PARIS/LONDON (Reuters) - Mining group Anglo American Plc (AAL.L) is to hive off its unwanted Tarmac UK construction materials business into a joint venture with French cement maker Lafarge SA (LAFP.PA) after failing to make an outright sale.
Having struggled for more than three years to find a buyer for the unit, which it bought as part of the larger Tarmac group in 2000, Anglo said on Friday it has agreed to merge Tarmac UK with Lafarge's own UK cement, aggregates, concrete and asphalt businesses in a 50:50 joint venture.
"While Anglo American's objective remains to divest its interests in the joint venture over time, this transaction positions us well to maximise value," Chief Executive Cynthia Carroll said in a joint statement with Lafarge.
The deal comes as Carroll seeks to slim down the diversified miner and cut its debt through a restructuring which analysts see as being designed to get it fit to fight any new renewed bid attempt by last year's spurned suitor Xstrata Plc XTA.L.
Asked why Anglo had opted for a joint venture rather than pursuing an outright sale, Carroll said market conditions in the UK were still "very challenging ... a sale of the business would have required waiting for this cycle to recover which could take some time."
Nevertheless there was some disappointment that Anglo had failed to sell the business outright and its shares were down by 2.4 percent by 1245 GMT, despite it reporting stronger than expected earnings.
"I don't think the Tarmac joint venture was quite the exit everyone was hoping for," Tom Gidley-Kitchin, an analyst at brokerage Charles Stanley, said.
Analysts also said the Tarmac UK-Lafarge combination, which last year would have had sales of 1.8 billion pounds ($2.9 billion) and core earnings of 210 million, could face competition concerns and regulators could force disposals.
The two companies did not reveal whether there was an agreement for either party to buy each other out, or whether there was a plan to eventually float the joint venture.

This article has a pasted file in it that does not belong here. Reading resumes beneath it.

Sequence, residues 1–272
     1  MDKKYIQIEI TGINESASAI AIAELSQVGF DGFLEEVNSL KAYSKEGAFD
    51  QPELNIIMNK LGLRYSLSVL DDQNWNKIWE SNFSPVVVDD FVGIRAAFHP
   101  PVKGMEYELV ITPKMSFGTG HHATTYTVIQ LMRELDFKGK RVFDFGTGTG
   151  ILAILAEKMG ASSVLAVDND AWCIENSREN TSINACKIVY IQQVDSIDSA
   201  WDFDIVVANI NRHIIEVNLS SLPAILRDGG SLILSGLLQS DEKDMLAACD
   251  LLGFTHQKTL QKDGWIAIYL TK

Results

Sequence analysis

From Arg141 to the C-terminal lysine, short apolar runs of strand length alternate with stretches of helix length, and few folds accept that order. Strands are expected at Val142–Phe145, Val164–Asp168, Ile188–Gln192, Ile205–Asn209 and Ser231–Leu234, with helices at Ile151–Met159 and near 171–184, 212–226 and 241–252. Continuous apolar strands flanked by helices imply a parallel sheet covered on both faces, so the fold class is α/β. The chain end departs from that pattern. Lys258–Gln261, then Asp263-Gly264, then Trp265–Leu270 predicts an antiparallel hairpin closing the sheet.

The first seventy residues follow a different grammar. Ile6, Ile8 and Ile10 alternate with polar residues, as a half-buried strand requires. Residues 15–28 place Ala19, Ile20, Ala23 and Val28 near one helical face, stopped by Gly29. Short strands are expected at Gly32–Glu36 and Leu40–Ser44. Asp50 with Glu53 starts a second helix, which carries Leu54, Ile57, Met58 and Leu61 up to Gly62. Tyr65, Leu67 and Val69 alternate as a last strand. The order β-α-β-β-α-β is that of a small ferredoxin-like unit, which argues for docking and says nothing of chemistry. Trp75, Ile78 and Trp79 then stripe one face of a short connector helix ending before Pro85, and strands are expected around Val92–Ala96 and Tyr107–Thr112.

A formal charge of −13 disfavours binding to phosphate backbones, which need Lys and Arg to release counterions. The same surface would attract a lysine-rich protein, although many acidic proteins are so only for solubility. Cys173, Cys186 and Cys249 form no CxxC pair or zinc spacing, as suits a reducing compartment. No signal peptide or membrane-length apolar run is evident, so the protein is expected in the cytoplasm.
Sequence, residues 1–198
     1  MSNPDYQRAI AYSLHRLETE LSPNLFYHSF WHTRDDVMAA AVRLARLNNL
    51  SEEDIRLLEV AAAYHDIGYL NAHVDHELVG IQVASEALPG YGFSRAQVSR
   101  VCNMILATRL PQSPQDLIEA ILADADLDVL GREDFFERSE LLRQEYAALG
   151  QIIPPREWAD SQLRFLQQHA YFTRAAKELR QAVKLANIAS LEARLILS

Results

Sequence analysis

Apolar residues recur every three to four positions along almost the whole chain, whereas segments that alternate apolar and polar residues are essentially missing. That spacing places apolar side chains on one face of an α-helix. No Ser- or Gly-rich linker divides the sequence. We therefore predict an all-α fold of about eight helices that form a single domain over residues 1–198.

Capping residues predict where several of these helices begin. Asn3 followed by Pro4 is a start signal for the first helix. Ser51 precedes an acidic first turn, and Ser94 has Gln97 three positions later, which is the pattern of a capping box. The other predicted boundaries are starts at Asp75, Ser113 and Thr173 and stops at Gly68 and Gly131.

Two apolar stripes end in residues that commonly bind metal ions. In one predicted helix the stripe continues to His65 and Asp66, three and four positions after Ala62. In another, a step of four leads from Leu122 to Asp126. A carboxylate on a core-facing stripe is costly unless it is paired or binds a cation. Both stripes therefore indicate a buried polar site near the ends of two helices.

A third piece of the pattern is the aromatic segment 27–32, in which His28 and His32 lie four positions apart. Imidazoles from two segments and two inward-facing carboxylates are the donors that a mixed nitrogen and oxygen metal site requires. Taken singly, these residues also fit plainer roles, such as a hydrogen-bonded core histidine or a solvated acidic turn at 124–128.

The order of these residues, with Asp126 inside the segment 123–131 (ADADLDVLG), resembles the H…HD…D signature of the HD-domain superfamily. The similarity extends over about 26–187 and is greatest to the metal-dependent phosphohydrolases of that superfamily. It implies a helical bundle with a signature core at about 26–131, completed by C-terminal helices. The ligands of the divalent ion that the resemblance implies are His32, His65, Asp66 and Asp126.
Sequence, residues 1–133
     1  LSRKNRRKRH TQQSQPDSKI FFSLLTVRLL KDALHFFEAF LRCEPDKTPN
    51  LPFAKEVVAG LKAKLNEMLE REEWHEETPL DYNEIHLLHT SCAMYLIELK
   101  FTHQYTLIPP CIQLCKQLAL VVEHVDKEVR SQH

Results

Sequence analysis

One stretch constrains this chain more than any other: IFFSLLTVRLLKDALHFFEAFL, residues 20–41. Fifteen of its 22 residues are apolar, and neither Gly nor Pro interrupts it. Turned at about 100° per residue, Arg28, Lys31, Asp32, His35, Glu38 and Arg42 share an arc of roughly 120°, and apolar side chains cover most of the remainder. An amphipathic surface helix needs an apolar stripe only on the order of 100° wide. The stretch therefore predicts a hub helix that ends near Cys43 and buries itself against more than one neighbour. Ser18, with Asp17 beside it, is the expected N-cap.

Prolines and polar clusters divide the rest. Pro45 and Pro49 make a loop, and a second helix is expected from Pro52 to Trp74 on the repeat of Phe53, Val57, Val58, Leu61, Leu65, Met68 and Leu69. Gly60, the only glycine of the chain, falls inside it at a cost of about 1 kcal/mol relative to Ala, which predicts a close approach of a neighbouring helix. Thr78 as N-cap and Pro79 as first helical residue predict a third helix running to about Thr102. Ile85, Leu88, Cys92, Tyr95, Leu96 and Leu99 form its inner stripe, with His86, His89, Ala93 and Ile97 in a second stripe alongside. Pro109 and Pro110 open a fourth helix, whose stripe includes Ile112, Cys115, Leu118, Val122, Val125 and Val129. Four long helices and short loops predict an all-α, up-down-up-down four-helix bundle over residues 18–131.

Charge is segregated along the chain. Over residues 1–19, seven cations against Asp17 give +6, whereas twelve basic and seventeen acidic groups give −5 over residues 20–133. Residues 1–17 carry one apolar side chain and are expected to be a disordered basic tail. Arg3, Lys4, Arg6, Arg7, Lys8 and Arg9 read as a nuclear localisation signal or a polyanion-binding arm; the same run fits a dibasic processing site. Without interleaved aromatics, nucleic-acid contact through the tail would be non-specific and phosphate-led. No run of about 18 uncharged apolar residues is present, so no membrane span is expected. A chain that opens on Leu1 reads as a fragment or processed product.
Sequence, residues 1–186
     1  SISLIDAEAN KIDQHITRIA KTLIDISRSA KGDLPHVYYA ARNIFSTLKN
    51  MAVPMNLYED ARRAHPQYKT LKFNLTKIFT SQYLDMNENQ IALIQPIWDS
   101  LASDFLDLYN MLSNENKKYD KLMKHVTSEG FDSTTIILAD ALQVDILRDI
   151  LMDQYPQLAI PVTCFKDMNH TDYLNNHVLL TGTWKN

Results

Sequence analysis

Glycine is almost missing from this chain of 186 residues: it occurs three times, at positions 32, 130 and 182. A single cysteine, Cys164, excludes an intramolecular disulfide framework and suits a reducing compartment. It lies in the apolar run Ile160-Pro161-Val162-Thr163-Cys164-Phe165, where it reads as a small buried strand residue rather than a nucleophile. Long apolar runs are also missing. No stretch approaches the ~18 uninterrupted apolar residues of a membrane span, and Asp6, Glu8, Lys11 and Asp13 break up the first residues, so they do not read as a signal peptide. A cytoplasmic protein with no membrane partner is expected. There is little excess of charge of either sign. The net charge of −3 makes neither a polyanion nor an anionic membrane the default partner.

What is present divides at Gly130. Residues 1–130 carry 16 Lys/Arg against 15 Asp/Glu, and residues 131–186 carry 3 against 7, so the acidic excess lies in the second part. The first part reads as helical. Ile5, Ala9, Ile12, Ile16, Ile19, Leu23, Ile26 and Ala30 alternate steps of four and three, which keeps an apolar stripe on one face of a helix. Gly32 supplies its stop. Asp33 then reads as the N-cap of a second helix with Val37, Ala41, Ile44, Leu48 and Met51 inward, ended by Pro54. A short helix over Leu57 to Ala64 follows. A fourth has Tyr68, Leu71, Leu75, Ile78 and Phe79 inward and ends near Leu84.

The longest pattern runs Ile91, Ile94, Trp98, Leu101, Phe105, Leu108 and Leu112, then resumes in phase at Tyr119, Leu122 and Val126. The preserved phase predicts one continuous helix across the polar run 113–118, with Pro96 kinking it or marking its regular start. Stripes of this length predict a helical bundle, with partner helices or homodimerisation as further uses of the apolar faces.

"Our immediate target is to get involved and to make this JV a success. If Anglo American sells (its stake), we will see. But for now, I don't think this is a short term issue," Lafarge's chairman and chief executive, Bruno Lafont, told a press briefing.
The companies said the combination, which brings together Lafarge's 2,800 UK employees and Tarmac's 4,500, will generate recurring synergies of at least 60 million pounds a year.
"For Lafarge, this deal is cash neutral, is accretive to Lafarge shareholders and illustrates our strong commitment to the UK market," Lafont said.
"We generally believe that putting them together creates a more balanced business to manage the current challenging environment," Carroll added.
Anglo, which was advised by Goldman Sachs and UBS on the deal, is contributing 1.63 billion pounds of gross assets including 118 quarries, 180 ready-mixed concrete sites and 69 asphalt plants.
"The two businesses complement each other quite well, as Tarmac is long aggregates and quarries and short facilities and Lafarge is long facilities," Sanford Bernstein said in a note.
The value of the Lafarge assets, which include five cement plants, a network of depots, 38 aggregates quarries and ready-mixed concrete plants, was not disclosed. Lafarge's gypsum activities in the UK are not included in the combination.
Anglo said there would be virtually no job losses as a result of forming the joint venture, which is subject to regulatory approvals.
"We believe that the competition authorities may insist upon some disposals, as the two groups own a number of assets in the same areas and approval may take some time," Sanford Bernstein said.
The move came as Lafarge halved its dividend as part of an ambitious plan to reduce debt. Shares in Lafarge responded with a 4.1 percent rise by 1220 GMT, making the stock the top European bluechip gainer.